Why Medicare Advantage Plans Might Not be As Good As They Sound

Medicare Advantage plans seem to offer numerous benefits but are looked down upon for many reasons. Are they good or bad?

Anuradha Garg - Author

Jul. 20 2022, Published 9:56 a.m. ET

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Medicare helps pay for medical treatment and long-term care for people over 65 and certain younger people with disabilities. The federal health insurance program offers basic coverage for doctor visits, hospital stays, and surgeries. Each of Medicare's parts covers specific services, with Medicare Advantage (or Medicare Part C) offering a private health insurance alternative to the federally run, original Medicare. Are Medicare Advantage plans good or bad?

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Medicare Part A and B are run by the Centers for Medicare and Medicaid Services. The original Medicare covers the essentials, but there are a lot of services that aren't covered.

Medicare Advantage plans, explained

Combining various parts of Medicare into one plan, Medicare Advantageplans are offered by private insurance companies that must follow the rules set by Medicare. These plans provide the same coverage as the original Medicare, with the benefit of supplemental coverage. Like traditional insurance structures, Medicare Part C includes:

  • Health maintenance organization plans.
  • Preferred provider organization plans.
  • Private fee-for-service plans.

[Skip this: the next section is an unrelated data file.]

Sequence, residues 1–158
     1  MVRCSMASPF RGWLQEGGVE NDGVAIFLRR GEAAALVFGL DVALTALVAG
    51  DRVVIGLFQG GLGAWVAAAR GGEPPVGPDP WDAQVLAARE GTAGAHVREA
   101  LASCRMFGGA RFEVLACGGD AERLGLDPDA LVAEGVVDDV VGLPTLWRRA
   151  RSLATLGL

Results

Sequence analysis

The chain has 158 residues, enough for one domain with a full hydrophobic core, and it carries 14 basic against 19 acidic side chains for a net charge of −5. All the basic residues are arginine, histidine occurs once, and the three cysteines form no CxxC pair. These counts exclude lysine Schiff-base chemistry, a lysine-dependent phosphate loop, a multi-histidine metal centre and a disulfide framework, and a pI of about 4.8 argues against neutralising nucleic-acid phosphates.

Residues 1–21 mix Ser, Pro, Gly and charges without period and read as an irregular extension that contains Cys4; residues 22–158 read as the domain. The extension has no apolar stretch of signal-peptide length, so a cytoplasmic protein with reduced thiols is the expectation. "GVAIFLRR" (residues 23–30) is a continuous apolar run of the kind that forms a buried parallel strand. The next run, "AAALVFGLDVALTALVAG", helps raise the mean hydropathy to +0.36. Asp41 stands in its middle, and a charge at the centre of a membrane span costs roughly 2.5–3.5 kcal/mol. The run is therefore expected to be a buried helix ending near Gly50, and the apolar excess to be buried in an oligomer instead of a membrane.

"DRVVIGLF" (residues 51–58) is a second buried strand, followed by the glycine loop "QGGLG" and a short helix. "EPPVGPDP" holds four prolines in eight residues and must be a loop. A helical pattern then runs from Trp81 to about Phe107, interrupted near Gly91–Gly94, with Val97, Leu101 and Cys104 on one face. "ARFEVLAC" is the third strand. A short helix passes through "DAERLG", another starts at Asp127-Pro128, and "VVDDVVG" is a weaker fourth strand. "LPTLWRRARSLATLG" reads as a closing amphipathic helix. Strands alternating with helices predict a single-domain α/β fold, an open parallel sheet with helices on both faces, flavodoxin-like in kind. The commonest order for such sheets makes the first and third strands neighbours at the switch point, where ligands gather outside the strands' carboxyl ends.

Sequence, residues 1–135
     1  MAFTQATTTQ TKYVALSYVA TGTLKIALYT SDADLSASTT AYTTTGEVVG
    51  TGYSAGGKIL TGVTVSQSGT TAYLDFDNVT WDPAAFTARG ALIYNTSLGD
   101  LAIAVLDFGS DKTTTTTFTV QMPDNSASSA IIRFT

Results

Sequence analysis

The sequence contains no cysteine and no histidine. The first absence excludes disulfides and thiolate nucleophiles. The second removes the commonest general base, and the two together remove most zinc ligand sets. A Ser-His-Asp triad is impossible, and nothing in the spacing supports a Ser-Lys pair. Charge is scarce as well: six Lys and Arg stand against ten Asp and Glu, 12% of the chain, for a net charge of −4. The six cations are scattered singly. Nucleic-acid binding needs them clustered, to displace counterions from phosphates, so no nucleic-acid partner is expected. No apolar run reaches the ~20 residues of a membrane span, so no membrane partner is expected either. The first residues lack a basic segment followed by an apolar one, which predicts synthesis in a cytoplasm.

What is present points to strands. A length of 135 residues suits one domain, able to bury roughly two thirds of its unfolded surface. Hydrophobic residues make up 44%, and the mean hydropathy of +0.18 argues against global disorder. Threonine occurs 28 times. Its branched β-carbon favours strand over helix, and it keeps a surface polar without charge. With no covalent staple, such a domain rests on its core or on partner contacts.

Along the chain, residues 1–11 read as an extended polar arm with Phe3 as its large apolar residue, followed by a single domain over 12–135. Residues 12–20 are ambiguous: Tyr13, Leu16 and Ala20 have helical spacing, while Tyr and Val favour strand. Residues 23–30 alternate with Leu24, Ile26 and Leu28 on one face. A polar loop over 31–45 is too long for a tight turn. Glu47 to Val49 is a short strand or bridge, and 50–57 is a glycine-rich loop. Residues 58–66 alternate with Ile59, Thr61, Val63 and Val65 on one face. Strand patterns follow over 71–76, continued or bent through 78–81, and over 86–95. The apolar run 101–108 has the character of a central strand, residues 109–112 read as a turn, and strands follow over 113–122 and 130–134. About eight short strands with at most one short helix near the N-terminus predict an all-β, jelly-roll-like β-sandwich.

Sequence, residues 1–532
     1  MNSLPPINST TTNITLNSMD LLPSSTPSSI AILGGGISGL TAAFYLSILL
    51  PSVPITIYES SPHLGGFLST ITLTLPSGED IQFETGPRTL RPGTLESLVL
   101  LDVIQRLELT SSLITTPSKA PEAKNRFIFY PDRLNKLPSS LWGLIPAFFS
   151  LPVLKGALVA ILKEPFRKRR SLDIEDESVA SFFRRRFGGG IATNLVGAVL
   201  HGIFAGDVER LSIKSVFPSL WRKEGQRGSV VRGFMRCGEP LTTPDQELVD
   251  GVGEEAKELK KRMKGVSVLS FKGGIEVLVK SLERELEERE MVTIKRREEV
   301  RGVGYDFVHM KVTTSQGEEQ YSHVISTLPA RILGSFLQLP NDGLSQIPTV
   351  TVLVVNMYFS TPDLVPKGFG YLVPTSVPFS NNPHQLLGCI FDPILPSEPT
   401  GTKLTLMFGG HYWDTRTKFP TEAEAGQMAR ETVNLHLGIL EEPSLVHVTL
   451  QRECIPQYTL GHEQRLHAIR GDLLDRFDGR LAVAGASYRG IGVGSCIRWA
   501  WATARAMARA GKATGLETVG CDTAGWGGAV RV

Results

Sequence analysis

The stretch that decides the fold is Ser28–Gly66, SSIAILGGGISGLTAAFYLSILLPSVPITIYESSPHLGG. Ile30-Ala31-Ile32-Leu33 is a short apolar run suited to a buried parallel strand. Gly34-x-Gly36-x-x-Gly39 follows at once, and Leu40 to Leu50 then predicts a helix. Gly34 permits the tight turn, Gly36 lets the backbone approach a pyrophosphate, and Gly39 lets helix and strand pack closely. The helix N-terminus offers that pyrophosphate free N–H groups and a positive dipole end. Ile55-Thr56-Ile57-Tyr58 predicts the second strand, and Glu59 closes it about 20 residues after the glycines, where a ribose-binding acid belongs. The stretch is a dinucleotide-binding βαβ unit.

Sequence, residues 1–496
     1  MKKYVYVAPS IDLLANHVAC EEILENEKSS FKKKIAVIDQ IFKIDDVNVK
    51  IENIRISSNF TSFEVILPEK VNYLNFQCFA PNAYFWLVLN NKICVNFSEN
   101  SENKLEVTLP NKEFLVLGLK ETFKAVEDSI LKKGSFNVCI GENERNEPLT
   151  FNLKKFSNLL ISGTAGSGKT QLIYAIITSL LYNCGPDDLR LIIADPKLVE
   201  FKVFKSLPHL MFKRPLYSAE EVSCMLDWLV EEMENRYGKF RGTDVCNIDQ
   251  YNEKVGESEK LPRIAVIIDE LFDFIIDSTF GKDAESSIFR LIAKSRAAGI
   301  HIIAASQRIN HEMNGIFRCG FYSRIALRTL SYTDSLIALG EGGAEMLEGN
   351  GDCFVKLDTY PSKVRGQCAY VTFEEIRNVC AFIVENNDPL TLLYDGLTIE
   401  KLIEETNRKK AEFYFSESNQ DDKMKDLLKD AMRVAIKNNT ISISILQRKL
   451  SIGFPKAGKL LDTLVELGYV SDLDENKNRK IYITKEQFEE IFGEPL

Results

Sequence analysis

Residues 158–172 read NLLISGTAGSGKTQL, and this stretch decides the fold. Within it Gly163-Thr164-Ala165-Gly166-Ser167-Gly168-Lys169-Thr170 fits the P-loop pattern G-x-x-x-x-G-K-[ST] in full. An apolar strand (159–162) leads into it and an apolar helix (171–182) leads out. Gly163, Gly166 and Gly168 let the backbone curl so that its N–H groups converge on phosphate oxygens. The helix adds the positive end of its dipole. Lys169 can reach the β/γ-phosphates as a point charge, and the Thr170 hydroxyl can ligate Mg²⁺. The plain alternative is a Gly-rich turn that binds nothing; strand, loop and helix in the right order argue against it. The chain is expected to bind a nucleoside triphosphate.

• Special needs plans.
  • Medicare savings account plans.
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Medicare Advantage rolls Medicare Part A, Medicare Part B, and—in most cases, Medicare Part D—all into one plan, allowing you to obtain medical, hospital, and prescription drug coverage. However, it's not ideal for everyone.

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Medicare Advantage: The devil's in the details

Over the years, your Medical Advantage plan can change, resulting in you having to switch healthcare providers or forgo certain medications. And even though these plans boast low premiums (sometimes as low as $0 per month), they might incur unforeseen out-of-pocket expenses. Moreover, private insurers are able to establish their own rules regarding service.

Medicare Advantage calls for referrals

There's also a constant need for referrals to see specialists, especially if your plan is an HMO (health maintenance organization). According to a federal investigation, private Medicare Advantage plans are denying coverage for services that would normally be covered under the original Medicare. In 2019, it was found that about 85,000 beneficiary requests for coverage from Medicare Advantage may have been wrongly denied.

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Frequent changes and a limited network

You might also be required to obtain prior approval before services can be rendered. Failure to comply could result in you having to pay out of pocket for services that would otherwise have been fully or partially paid for.

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Another downside of Medicare Advantage is that each plan can have a different limit, and that limit can change every year. Changes in premiums, the network, deductibles, copays, and coinsurance aren't uncommon, meaning your plan may not be what you signed up for.

Finally, just a small network of doctors accepts Medicare Advantage plans, meaning it may be difficult to find a doctor who participates in your plan. Therefore, before selecting a plan, make sure to check its directory to see if your preferred hospitals or doctors are included.


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